Forty-five years ago today (1971), I was graduated from the University of Alabama in Tuscaloosa with a Ph.D. in English (Dissertation: Dickens’ Use of Language for Protest). I am grateful for the counsel which Professor James McMillan, then chair of the department, gave me in the hall after I had defended my dissertation: “Up until this point you have been rewarded mainly by writing what experts know. Hereafter, to be taken seriously, you must write what you know which experts have not yet discovered…
brought it on ourselves
You must admit that social media has been a mighty contributor to this 2016 political season.
In another way of saying this: look what we have done to ourselves.
We couldn’t get enough of Trump, or Bernie, and every so often, some of the other presidential candidates. So we turned inward, creating more bizarre buzzing for the political year.
Sometimes, in the still of the night, I think I hear the American culture coming apart at the seams. Sometimes it’s the popping of a stitch. Other times it’s an alarming rip. But the culture is definitely showing signs of strain. I don’t think this is normal wear and tear. I think the culprit is zeal connected to bad ideology, zeal fueled by ignorance often masquerading as enlightenment.
A moment’s thought, for instance, reveals that Political Correctness undermines the most precious provision of the Bill of Rights: free speech.
bigotry still king
I’m planning a road trip to see America with two of my sons. We are mapping out an itinerary circling the country and finding well-known, quirky, and interesting destinations. The hardest thing so far has been planning the trip without passing through states that have jumped on the deny people’s rights to get elected bandwagon.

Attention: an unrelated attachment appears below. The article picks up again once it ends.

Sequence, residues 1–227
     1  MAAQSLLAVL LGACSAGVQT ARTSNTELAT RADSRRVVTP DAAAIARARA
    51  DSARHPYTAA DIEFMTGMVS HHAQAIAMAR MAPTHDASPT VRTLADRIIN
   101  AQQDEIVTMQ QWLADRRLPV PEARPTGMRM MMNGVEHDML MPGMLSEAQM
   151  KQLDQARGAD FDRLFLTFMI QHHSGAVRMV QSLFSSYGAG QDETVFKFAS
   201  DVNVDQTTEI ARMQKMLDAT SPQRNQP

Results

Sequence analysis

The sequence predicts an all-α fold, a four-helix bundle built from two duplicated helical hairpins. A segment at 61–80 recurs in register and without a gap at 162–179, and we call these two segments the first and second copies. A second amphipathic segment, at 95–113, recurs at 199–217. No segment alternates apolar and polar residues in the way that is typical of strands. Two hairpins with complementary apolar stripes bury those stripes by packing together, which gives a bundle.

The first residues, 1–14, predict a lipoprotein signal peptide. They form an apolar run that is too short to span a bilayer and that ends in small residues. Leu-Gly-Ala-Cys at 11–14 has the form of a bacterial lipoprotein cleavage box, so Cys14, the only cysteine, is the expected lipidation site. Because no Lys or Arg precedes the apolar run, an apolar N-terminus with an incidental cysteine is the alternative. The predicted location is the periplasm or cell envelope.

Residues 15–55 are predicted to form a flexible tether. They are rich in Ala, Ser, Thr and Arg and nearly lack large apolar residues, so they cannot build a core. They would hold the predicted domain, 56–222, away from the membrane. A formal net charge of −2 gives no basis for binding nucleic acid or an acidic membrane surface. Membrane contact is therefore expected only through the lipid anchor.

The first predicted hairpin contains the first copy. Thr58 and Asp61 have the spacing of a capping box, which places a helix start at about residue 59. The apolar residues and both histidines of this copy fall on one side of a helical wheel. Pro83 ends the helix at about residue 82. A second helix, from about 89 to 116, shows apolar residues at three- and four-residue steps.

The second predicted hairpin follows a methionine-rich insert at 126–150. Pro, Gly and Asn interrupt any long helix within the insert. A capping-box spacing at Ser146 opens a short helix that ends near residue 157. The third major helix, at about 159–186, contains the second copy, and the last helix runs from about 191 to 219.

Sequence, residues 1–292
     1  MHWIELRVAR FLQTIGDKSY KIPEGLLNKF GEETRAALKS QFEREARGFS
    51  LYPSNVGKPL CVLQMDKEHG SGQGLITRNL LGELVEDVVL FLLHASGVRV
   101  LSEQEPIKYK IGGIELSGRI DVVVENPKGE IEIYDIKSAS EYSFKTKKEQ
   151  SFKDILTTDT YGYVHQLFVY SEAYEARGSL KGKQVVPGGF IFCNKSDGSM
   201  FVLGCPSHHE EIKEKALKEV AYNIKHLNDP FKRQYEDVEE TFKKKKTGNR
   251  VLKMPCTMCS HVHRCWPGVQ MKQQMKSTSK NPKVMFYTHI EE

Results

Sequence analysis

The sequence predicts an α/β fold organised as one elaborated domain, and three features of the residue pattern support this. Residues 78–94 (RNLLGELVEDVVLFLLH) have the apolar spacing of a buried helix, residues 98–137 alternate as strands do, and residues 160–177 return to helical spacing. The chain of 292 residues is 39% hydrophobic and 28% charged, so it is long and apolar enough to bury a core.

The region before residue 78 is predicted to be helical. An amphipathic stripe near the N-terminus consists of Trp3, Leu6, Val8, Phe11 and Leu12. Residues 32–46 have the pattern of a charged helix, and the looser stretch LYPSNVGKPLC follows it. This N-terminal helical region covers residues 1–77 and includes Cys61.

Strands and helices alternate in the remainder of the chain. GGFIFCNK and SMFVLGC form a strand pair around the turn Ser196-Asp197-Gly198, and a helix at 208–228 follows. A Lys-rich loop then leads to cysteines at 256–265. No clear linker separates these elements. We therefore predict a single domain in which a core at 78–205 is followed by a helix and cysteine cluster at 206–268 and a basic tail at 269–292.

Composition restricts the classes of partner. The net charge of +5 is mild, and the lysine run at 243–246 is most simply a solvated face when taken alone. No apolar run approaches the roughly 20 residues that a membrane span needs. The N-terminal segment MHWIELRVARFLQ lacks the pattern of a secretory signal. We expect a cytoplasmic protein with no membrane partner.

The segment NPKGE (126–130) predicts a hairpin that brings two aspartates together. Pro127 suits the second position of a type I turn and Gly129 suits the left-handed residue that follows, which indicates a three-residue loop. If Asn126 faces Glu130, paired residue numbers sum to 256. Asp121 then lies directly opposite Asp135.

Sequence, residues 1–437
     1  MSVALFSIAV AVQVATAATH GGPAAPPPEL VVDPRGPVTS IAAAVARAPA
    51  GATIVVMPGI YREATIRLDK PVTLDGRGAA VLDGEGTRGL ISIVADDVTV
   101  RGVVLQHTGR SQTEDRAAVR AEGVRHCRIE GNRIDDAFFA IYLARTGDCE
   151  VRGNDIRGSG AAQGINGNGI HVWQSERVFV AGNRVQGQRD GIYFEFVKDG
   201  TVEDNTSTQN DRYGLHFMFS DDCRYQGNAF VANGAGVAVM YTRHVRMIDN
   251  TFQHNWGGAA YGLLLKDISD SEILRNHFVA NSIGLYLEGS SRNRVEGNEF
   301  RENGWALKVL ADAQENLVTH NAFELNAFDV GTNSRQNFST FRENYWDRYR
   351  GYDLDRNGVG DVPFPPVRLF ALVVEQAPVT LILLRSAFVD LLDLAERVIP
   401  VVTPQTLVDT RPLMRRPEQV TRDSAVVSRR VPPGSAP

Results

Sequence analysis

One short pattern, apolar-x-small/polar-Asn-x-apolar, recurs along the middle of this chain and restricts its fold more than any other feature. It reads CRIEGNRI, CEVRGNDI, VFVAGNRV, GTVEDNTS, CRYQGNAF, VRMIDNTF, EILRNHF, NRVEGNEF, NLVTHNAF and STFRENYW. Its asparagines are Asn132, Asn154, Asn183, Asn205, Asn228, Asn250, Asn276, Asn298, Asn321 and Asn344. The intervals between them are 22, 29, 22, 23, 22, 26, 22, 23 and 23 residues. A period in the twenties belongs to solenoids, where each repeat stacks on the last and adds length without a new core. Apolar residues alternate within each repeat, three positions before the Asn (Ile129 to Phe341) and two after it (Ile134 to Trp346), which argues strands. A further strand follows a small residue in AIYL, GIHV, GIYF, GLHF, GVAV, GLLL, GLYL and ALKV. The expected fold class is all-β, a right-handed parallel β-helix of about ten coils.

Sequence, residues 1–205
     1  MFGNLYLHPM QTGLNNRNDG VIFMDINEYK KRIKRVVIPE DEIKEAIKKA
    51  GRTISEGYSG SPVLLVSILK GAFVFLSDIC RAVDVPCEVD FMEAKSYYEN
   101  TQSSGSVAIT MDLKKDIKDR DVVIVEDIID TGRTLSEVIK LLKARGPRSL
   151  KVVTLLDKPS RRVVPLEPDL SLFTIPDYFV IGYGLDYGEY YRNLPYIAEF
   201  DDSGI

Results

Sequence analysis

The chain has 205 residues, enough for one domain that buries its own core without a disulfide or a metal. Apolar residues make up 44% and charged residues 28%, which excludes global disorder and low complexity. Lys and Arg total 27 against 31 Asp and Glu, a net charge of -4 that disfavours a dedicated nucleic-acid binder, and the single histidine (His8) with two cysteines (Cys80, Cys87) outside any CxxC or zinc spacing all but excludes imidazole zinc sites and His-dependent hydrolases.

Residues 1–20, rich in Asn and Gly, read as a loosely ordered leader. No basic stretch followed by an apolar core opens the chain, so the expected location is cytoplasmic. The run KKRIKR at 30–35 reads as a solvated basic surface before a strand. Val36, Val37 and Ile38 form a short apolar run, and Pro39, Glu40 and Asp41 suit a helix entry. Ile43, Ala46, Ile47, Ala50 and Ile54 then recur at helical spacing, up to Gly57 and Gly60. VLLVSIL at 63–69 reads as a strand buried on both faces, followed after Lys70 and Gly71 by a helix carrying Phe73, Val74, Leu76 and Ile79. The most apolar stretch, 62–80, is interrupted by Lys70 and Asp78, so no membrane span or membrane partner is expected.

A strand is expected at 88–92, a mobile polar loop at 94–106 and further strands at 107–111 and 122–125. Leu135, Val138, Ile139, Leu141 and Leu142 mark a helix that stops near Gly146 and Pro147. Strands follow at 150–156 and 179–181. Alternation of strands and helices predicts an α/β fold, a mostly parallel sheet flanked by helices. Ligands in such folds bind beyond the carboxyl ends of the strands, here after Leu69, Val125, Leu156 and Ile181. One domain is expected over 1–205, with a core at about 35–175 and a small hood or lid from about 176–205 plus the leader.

I know Tennessee recently passed legislation making the Bible the state book, but the governor vetoed it. Georgia is waffling on their version of discrimination in the name of religious liberty and safe restrooms after several major businesses in the Peach State protested.
part three of lilian's wish
Emmett never let go of his dislike of dogs. He showed it with muffled and incomprehensible grumbles about Bobbie. He never forgave her for growling at him when they first met. He said he would rather have a snake in the house than a dog. And no damn dog had better ever climb up on his sofa if they managed to get inside his house. Bobbie was a big ungainly soul who had been Lilian’s companion. She was used to having full reign of my house. Emmett never had a clue that she was much cleaner than he was…
part two of lilian's wish
Emmett had made his grand entrance into my house in January. By the time spring had arrived, he’d started showing up at my doorstep whenever he felt like it and would blow his horn from the driveway rather than come up to the door. At first, I thought something might be wrong, but he would tell me later that he was just an old man who didn’t walk well so he thought I should come to him. He didn’t vary his greeting much and usually said, “Hey, young fella, where you been? It’s hot out here…
part one of lilian's wish
Retaining her sense of humor to the end, she asked to be buried in Montreal for several reasons. First, she had developed a keener sense of family, and her uncle and most of her aunts and cousins live in that beautiful city. Secondly, she said she wanted her husband and daughter to pay a proper pilgrimage to see her rather than just pop in occasionally at a more convenient local cemetery. Thirdly, she recognized that Montreal was a European city and after all she was at heart a European. And finally, to all who knew and loved her and would have enjoyed her reasoning, it added to her mystery.
on the surface
I don’t understand race. An anthropologist colleague says, “Louie, race doesn’t exist as a scientific category. At best a race is just ‘a breeding community with unstable boundaries’; and you and Ernest knock the hell out of that one, don’t you!” I see what she means.
Yet racial categories so pervade my life that I cannot hope to understand myself, much less the world, without sensitive and difficult vigilance regarding pitfalls and opportunities.
sweating the sermon
On March 22, I journeyed across Georgialina to Washington, Georgia, to speak to the Kiwanis Club. Prior to speaking, Mr. Steve Blackmon gave me a tour of seven historic homes that had something unique in common. All had been moved in total or in part to their current location. Expect a column on that soon.
Steve reads my columns and he knows that I often write about things that are no more, and so he gave me six unique gifts: vintage handheld fans that had been used long ago in my hometown. You just don’t see fans in church anymore…